The power of music
Regardless of personal taste, it’s likely difficult to disagree with the idea that music can have some pretty powerful mojo. Its effects on the brain have been the subject of countless studies, which in turn have led to several products which are said to contain “brain-enhancing” tunes.
One of the primary neural functions music is said to enhance is memory. Well, looks like Internet radio O.G. Pandora may be able to use that to sell their ad services to companies looking to market their products.
Apparently your favorite music helps you remember
Adweek reports that Pandora recently hired neuromarketing company Neuro-Insight to test how effective their ads are. Neuro-Insight proceeded to measure the brain activity of 100 individuals while they listened to about 30 minutes of their own personalized playlists with the occasional ad between songs.
The results of the study showed that the ads spliced between songs had a significantly higher impact on the participants’ long-term memories compared to other popular forms of advertising.
Broken down, they had a 49% higher impact than those featured in terrestrial radio, 39% higher than mobile video ads, and 36% better than T.V. ads. Pandora’s video ads had a higher impact as well, faring 5% better than mobile video ads from competing platforms.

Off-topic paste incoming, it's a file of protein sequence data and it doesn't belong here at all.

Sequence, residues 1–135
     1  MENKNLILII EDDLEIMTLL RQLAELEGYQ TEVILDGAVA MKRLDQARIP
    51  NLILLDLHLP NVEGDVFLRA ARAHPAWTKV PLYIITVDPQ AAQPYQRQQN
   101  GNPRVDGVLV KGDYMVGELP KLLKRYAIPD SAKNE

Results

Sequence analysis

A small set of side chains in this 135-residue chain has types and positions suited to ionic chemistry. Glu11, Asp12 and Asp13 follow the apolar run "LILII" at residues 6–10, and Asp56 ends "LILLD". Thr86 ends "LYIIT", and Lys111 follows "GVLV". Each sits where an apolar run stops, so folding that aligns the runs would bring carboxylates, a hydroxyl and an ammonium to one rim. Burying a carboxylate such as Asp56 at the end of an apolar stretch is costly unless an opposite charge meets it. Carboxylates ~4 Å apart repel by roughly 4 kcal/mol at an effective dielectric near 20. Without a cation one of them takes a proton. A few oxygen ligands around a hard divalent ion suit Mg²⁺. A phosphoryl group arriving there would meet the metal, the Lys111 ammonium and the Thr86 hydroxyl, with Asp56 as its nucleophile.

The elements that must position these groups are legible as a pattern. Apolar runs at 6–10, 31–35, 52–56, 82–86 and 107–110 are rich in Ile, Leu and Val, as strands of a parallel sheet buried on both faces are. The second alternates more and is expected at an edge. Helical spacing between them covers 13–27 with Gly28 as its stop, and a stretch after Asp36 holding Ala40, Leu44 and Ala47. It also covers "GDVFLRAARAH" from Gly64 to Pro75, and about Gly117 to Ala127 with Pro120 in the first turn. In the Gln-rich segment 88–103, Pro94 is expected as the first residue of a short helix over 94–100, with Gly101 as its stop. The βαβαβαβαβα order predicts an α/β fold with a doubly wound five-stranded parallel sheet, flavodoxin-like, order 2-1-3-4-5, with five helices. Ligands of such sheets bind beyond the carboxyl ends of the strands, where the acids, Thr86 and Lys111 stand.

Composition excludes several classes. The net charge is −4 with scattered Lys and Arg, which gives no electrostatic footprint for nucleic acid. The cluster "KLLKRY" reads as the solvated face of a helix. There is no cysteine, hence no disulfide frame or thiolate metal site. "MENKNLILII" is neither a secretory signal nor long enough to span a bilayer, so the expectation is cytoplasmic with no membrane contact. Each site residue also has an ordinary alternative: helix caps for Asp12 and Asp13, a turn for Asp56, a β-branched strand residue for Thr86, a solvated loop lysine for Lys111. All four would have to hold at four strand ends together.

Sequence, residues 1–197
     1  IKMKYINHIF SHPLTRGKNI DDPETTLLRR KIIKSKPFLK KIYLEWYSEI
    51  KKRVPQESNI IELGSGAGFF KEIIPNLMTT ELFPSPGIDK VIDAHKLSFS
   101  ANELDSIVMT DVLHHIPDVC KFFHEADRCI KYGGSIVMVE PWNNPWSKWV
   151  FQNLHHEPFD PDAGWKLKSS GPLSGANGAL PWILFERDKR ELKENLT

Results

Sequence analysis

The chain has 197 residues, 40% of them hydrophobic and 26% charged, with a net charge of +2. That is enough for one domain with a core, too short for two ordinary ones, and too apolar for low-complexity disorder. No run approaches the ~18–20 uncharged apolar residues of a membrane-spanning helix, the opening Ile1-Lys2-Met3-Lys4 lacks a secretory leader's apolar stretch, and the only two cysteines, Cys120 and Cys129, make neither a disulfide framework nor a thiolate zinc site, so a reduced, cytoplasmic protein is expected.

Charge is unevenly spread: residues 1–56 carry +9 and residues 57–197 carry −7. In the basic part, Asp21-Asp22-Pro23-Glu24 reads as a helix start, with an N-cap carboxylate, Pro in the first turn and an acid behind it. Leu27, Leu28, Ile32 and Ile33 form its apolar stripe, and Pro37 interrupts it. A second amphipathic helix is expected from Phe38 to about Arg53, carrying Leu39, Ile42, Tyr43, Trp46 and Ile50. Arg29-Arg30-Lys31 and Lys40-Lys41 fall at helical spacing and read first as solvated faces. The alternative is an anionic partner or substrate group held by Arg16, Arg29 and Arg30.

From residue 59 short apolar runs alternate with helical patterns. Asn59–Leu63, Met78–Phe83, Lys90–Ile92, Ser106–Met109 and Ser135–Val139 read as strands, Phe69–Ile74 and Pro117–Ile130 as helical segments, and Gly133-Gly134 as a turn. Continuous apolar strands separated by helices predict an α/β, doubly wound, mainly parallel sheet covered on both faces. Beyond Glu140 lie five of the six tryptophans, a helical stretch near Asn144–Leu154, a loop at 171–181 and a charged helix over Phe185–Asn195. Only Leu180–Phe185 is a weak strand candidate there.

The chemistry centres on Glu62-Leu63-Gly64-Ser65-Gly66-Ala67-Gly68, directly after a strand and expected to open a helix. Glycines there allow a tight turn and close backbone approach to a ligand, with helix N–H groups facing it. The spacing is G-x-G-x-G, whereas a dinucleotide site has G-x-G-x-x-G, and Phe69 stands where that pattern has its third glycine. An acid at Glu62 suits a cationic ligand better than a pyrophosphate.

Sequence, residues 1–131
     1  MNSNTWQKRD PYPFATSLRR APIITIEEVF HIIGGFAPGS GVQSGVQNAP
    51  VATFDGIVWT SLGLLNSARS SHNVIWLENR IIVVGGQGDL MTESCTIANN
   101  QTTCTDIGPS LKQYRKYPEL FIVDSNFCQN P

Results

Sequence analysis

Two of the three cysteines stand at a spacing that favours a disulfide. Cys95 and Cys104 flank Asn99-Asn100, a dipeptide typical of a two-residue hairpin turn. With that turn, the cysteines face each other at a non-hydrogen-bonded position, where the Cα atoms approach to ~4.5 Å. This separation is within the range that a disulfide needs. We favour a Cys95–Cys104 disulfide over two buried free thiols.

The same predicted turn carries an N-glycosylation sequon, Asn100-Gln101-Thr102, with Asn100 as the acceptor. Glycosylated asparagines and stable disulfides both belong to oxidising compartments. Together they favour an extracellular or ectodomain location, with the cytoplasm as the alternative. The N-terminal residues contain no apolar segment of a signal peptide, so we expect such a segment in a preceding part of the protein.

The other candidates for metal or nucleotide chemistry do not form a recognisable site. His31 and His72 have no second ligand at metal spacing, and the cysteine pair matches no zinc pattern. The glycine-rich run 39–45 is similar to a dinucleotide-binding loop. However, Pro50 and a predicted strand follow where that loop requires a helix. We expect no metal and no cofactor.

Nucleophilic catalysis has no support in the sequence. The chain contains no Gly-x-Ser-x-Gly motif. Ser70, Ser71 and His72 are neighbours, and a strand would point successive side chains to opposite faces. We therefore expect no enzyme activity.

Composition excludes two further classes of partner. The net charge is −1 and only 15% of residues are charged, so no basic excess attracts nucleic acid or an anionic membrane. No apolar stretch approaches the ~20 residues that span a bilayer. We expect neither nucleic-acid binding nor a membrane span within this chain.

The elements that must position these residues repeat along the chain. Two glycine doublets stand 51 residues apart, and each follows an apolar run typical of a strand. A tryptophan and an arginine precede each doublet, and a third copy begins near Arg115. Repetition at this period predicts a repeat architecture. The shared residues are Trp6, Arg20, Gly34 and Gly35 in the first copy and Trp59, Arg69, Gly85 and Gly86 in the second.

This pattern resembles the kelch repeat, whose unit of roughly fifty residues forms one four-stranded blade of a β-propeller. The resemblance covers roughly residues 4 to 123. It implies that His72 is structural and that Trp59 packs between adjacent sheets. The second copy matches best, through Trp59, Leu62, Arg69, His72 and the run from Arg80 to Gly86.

A unique experience
The reasoning for this seems to be primarily related to the highly personalized musical experience that Pandora offers. It is well known that music can stir up emotion, and that, combined with the fact that listeners are able to decide the type of music that plays on their Pandora station, creates a somewhat more intimate experience than that of a typical radio station or T.V. channel.
As such, the brain is more likely to prioritize the information it receives at this time and store it accordingly.
Whether the memories be explicit (such as remembering specific details of the brand) or implicit (a vague recognizance of a product), they are much more likely to affect consumer choices. After all, one is much more likely to purchase from a brand they recognize than one they do not- unless the product sucks, of course.
Using the numbers
Pandora is likely to use the results of the study to help drive its advertising revenue, however, there are takeaways from this that are applicable to all businesses.
For starters, they show that videos may not always be the most effective form of advertising.
Audio and graphic ads are still very much relevant and effective. Similarly, it shows how important it is to know when to advertise. It is unnecessary and ineffective to barrage consumers with advertisements to the point of tedium. [clickToTweet tweet=”We all wait for the ‘Skip this ad’ button and frantically click it before every other YouTube video.” quote=”We can all relate to waiting for the ‘Skip this ad’ button and frantically clicking it before every other YouTube video.”] Sometimes, subtlety is key.
**Also, I would like to note how neat it is that neuromarketing companies are a thing. Well played, science.